High above the Western flanks of the Andes, in La Cumbre region, at over 1800m of altitude we find the luxurious garden origin of this organic black tea.
A unique tea with the barley and woody taste, often found in stronger black teas. The choice of cultivars adds a sweeter edge of sugar cane, cocoa and honey.
A great addition and a perfect morning tea!
To learn more about the producer of this tea, Mr. Juan Pablo Silva read this article.
Producer of the Moment: Mr Juan Pablo Silva
Every month, the Camellia Sinensis team presents one of its favourite producers and shares with you their encounter, along with his story.
This month we have Mr. Juan Pablo Silva, a tea producer in Colombia. Jasmin's first contact with Mr. Silva dates back to 2015 when his company was just starting to produce specialty teas. They kept in touch with samples and feedback until the first Colombian tea made it into the catalogue. Following a first meeting with the Bitaco team at the 2018 World Tea Expo in Las Vegas, Mr. Silva invited Jasmin, with his rich knowledge of Chinese manufacturing techniques, to train his staff on tea processing in Colombia. First their team visited our Tea Studio in India for some training in the Spring of 2019 and then in November 2019, Jasmin went to Columbia to help the garden company diversify its production.
Below is a short interview with Mr. Juan Pablo Silva.
When and how did you first step into the world of tea?
I started working for the company in 2015 with the opening of the new orthodox tea factory. But the tea project here precedes me by many years. Back in 1940, test planting was started here with Sri Lankan tea plants in Bitaco. The first tea company, founded in 1960, was called "Hindu". At first, they produced orthodox tea before switching to CTC-type industrial production in the 1970s. A new CTC factory was built here in 1994 before production reverted back to orthodox in 2013.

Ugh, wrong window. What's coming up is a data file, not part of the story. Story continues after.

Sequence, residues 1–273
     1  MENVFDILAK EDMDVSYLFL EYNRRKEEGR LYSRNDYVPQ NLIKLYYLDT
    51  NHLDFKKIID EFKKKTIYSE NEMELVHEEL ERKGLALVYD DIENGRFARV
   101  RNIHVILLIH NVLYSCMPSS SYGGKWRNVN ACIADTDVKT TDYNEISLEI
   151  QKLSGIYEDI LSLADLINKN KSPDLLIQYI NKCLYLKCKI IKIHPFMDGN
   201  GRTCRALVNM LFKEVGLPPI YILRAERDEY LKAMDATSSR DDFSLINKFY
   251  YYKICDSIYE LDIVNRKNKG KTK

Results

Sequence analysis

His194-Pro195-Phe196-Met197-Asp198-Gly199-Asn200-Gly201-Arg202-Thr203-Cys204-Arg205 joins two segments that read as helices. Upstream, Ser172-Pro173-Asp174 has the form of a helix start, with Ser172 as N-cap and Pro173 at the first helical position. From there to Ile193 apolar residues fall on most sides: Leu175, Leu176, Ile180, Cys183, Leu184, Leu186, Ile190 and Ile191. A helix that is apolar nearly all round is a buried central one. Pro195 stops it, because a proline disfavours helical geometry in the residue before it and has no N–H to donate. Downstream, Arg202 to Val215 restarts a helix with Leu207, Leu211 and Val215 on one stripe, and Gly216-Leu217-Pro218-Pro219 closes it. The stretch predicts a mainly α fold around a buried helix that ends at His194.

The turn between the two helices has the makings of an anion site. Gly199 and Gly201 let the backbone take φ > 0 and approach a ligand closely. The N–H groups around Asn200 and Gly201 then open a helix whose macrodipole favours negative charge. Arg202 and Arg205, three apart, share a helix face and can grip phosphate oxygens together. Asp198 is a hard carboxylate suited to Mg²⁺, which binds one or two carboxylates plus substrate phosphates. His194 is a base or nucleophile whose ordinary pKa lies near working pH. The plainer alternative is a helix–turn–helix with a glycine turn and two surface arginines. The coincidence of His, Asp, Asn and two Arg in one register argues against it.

Tell us a bit more about your gardens.
We own 55 hectares of certified organic tea plantation surrounded by subtropical forest. Our soils are volcanic and the climate is stable year-round. The place is an important refuge for many species of plants and birds. 772 types of plants and 256 species of birds to be precise. The Agricola Himalaya Foundation, a branch of the organization, is responsible for the creation of this forest reserve which is working to preserve this special ecosystem.
How many workers do you hire and how much tea do you produce a year?
For Bitaco, we employ 85 workers. Everyone down to the last tea picker is guaranteed a good salary and a pension for their retirement if they work with us long enough. We produce around 20 000 kg of tea each year with the new factory.
What is your favourite part of the job?
I like getting up early in the morning to hear the birds. I also like the smell of tea in the oxidation room, and lunch time when I have a few laughs and share stories with my colleagues.
Who’s buying your teas? Local or international clients?
83 % of our production is sold internationally. Columbia is very big on coffee. Only 17 % is sold locally.
Have you seen any changes since your beginnings in the industry?
The market (especially international) increasingly demands special teas, with more interest in the process, culture or history of the tea. To meet this demand, we created the new orthodox tea factory in 2013.
Tea companies are now looking for direct contact with farmers. Rather than choosing to buy their products from large distributors, more customers want to buy locally and even visit the plantations. I think it is a better this way.
What is your favourite tea?
La Cumbre Bitaco organic black tea (offered at 10% off for a limited time - starting on February 27th)
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